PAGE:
Research by a University of Illinois professor has revealed that contrary to what many people think, mass murders are not on the rise in the United States.
According to computer science professor Sheldon Jacobson, there were 323 such killings – in which four or more people are killed in one incident – between January 2006 and October 2016. The mass killings appeared to be evenly distributed over that time, meaning their rate remained stable over the past decade, and did not spike during any particular season or year.
The professor used a decade’s worth of data from USA Today that was cross-checked by the FBI. He said his analysis also found public shooting sprees like the Las Vegas massacre are not the most common type of mass killing.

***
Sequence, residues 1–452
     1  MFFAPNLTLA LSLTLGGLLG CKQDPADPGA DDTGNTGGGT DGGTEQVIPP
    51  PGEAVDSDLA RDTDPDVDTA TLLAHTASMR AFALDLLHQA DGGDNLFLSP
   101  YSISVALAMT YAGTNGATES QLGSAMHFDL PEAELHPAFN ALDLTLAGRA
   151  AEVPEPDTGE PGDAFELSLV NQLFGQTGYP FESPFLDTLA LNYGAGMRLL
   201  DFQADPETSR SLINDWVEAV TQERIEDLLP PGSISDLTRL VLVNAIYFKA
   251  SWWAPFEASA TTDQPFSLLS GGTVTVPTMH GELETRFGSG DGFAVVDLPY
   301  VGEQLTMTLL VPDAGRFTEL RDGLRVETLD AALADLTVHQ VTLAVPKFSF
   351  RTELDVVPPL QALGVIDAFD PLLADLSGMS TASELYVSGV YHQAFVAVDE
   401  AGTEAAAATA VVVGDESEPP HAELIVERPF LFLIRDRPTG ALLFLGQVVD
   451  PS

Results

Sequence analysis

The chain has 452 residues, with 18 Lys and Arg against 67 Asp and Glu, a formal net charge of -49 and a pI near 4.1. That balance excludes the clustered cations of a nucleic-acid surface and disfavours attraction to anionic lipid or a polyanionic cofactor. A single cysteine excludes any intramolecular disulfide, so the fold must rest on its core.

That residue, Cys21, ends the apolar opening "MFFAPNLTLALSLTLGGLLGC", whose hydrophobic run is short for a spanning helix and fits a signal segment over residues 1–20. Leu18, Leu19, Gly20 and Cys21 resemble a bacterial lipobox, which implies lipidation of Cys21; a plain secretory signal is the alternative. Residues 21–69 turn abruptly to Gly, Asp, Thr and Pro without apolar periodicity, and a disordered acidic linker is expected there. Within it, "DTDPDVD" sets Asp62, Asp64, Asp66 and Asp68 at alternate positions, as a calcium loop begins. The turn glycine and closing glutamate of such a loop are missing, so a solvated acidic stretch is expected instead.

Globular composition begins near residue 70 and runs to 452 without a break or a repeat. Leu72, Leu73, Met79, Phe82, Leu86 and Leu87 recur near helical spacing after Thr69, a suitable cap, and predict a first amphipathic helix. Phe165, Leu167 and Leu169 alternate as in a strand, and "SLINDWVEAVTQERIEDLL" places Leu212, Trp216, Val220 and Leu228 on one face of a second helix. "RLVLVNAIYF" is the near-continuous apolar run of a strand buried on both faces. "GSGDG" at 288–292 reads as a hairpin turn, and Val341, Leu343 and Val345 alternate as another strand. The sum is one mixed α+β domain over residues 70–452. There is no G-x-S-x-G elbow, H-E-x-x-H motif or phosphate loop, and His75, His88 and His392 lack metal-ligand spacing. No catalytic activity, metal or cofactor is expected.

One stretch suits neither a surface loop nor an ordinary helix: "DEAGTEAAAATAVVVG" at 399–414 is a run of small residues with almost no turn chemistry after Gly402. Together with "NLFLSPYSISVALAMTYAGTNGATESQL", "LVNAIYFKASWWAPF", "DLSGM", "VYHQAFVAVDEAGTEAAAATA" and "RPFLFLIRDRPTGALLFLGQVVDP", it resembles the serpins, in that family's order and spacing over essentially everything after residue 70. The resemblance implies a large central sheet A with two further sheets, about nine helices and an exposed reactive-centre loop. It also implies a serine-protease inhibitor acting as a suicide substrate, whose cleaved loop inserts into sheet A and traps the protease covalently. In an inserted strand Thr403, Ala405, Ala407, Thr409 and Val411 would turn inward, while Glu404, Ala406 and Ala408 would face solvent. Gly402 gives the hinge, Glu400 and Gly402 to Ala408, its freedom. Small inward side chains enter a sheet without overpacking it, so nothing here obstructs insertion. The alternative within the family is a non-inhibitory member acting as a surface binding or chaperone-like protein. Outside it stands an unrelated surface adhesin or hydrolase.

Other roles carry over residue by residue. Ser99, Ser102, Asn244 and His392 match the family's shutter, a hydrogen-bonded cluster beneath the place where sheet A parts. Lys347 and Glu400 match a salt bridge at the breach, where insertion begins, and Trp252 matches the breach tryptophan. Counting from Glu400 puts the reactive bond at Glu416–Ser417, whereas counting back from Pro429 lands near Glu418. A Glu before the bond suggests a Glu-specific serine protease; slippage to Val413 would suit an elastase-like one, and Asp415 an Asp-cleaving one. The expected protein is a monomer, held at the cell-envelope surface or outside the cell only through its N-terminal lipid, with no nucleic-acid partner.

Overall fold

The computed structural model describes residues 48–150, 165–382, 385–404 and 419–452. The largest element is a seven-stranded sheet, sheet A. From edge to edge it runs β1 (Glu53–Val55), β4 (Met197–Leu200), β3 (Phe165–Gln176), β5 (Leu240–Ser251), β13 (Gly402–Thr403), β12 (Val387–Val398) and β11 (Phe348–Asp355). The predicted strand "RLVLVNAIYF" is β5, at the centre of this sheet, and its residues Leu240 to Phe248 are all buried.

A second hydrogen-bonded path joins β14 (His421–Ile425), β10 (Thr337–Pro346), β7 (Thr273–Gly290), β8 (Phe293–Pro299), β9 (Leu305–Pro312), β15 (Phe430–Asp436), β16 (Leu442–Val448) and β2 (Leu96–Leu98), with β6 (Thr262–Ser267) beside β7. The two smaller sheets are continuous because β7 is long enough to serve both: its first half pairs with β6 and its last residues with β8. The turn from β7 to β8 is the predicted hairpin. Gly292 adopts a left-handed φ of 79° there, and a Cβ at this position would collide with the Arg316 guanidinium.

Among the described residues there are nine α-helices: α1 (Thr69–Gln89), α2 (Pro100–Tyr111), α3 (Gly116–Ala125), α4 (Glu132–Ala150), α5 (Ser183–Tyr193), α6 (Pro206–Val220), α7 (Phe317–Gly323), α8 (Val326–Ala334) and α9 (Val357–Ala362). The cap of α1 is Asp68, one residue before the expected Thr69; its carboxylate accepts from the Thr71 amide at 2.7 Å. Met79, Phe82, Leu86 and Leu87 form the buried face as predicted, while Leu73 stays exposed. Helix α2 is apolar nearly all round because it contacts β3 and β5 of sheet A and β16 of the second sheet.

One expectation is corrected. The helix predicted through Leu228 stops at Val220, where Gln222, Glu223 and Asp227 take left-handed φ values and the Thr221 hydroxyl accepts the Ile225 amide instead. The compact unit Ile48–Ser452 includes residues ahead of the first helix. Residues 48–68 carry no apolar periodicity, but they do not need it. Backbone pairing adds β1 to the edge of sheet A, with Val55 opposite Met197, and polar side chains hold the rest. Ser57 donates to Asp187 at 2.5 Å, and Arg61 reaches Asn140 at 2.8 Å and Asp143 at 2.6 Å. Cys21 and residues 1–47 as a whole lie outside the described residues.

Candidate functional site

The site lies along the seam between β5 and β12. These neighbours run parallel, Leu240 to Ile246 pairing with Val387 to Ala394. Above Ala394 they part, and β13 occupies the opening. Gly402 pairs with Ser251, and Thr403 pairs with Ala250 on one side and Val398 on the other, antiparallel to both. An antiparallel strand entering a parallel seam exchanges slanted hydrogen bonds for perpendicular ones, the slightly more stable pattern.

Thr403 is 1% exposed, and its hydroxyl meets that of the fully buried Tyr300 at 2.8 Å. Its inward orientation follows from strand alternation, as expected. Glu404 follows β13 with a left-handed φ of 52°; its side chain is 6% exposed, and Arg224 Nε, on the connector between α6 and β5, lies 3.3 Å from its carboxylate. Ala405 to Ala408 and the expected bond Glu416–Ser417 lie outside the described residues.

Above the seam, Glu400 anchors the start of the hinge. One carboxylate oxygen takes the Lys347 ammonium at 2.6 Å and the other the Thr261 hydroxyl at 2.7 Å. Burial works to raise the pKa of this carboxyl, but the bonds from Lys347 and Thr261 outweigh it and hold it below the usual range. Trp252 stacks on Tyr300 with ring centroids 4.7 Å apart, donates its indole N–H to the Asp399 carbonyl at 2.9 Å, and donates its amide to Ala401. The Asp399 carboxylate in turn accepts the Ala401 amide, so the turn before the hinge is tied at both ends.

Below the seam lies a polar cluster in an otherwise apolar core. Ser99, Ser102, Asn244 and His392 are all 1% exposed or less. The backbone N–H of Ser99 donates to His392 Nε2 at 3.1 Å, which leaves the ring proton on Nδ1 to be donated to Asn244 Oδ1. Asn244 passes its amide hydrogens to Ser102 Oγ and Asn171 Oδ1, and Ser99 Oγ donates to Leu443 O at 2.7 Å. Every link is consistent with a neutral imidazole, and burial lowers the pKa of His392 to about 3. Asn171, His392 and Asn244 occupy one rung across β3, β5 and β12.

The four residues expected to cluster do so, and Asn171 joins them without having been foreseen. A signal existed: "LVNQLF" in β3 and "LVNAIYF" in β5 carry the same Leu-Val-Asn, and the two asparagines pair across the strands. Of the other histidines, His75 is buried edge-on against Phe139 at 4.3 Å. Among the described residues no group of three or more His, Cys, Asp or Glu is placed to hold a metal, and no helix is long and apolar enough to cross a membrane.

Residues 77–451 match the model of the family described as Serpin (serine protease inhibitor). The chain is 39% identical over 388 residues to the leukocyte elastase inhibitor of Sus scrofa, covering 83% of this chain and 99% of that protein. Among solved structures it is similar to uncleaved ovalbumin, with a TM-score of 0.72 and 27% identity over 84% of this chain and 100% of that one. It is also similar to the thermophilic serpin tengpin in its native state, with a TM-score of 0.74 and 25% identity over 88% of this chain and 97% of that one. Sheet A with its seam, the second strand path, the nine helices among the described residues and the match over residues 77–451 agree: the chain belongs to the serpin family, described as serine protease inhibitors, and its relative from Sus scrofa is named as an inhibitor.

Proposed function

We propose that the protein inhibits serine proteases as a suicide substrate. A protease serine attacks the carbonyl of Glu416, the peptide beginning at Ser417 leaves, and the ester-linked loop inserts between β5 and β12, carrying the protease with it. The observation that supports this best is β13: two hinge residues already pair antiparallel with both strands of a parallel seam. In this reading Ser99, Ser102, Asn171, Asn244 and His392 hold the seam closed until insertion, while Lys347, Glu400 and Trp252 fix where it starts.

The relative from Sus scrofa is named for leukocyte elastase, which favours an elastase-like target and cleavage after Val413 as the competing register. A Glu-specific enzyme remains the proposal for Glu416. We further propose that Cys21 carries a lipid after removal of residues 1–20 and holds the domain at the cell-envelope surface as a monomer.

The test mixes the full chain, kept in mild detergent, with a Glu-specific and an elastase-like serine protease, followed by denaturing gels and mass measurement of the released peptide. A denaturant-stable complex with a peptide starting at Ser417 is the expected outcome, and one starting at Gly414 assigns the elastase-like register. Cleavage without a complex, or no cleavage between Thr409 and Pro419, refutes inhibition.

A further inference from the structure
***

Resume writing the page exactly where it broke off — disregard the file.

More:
“Family mass killings are over three times more likely to occur than a public killing. So what we just saw in Las Vegas is actually not the most common type of mass killing,” Jacobson told CBS Chicago.